Restelli’s first marriage didn’t last and neither did the Nova. Both were in his rearview mirror when he moved back to Vermont in 1976.
Flash forward to last July, when Restelli, who has long-since remarried and more recently retired, said he was checking out Porsches for sale on eBay and spotted one that sure looked familiar.
“I’m always looking at Porsches to see what’s for sale and I’ve always thought in the back of my mind: ‘Maybe some day my car will appear there,” he explained.
The wistful musings of a guy who has “a thing for cars” turned out to be not as farfetched as Restelli imagined. Though he was initially a little skeptical, modifications made to the car after it was rear-ended in 1972, coupled with paperwork he subsequently obtained from one of its former owners, erased any lingering doubt.
“It was my car,” he said, explaining the “Carmine” was only briefly owned – and apparently raced at the airport in Tucson – by the man he sold it to.
According to Restelli, the car was purchased in 1974 by an Arizona engineer named D. Page Cotton Jr., who kept all the original paperwork and logged the 14,000 miles he put on the car during the 39 years that he owned it.
“It was basically in a museum for all those years,” said Restelli.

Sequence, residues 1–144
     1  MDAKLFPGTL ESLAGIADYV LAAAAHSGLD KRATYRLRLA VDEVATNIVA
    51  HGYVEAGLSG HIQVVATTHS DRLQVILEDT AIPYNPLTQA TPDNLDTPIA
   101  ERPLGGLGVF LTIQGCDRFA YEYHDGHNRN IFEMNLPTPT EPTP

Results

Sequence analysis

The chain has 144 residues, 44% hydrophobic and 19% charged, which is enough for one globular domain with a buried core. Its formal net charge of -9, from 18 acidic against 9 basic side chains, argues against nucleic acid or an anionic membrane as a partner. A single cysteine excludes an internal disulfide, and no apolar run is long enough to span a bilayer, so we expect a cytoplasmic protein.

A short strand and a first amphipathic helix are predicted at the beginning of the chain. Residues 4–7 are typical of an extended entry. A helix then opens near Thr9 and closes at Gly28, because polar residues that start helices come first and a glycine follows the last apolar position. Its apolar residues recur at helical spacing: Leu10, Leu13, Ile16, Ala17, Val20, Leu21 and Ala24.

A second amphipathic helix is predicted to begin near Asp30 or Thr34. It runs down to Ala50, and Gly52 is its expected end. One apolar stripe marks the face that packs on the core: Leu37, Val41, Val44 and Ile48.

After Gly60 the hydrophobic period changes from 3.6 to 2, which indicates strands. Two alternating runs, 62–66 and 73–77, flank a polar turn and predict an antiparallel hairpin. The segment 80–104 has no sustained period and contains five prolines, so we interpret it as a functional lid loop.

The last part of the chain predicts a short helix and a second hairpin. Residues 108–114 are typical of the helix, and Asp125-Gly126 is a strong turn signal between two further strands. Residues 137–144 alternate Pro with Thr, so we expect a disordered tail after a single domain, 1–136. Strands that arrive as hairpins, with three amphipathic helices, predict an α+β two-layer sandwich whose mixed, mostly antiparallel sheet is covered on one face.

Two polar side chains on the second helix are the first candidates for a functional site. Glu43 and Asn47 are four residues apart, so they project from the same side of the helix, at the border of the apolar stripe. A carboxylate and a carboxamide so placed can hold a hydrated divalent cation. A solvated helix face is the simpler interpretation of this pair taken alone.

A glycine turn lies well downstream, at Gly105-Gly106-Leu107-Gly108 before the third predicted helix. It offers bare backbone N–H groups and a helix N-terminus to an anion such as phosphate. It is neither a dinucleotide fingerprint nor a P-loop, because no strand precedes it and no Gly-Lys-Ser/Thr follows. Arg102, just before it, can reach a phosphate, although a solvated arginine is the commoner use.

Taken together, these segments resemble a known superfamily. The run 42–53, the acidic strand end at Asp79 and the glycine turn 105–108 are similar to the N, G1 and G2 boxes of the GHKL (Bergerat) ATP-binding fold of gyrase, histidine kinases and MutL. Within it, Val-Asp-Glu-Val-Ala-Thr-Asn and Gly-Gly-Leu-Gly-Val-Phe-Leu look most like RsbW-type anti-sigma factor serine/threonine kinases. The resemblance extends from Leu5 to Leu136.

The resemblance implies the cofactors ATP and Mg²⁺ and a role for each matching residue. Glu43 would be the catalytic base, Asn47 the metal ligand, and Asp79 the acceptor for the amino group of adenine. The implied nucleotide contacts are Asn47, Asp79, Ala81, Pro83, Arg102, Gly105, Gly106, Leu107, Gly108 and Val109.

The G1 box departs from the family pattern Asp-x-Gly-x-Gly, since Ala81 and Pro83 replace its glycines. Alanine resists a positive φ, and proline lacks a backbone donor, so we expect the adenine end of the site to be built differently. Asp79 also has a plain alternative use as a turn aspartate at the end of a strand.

Cotton, who died earlier this year, was the last registered owner of the car, according to Restelli, who said he sold it last year to a collector who stripped out the engine and the fog lights and then re-sold it to the Ibrahim Kuzu.
Kuzu is the Dallas man who put the car on eBay, but halted the auction when he was contacted by Restelli.
“He (Kuzu) gave me time to come up with the money,” said Restelli, who sold one car — a 1965 Porsche 912 — to raise the money and make room for the one he sold in 1973.
Thanks to some help from Bellavance Trucking, Restelli said he was able to have his old car trucked from Texas to Vermont where he has spent most of the past year trying to get it running.
With the help and ingenuity of Waterbury mechanic Tom Jones and a box of engine parts from a 1965 Porsche, Restelli said “Carmine” has been “street-worthy” for a few weeks, though he has only driven about 200 miles and is still tweaking the completely rebuilt engine and the fuel mixture.
“It’s a work-in-progress,” he said.
According to Restelli, his first test drive — to the end of his street and back again – brought back memories.
“I always missed driving this car,” he said. “I’d rather have this car back than to have won the lottery.”
Restelli, who paid considerably more for the car than he sold it for in 1973 and has since poured even more than that into rebuilding the engine, said he is enjoying the opportunity to show it off. He got the chance in Barre on Saturday, and, if it doesn’t rain — he’ll drive to Newport for a car show this weekend and Stowe the weekend after that. He said, he’ll happily share his car’s “cool story,” but he won’t be entertaining any offers.
“I would not sell this (car) for a million dollars,” he said. “This car is priceless to me. I’ll own it until the day I die.”
End of story.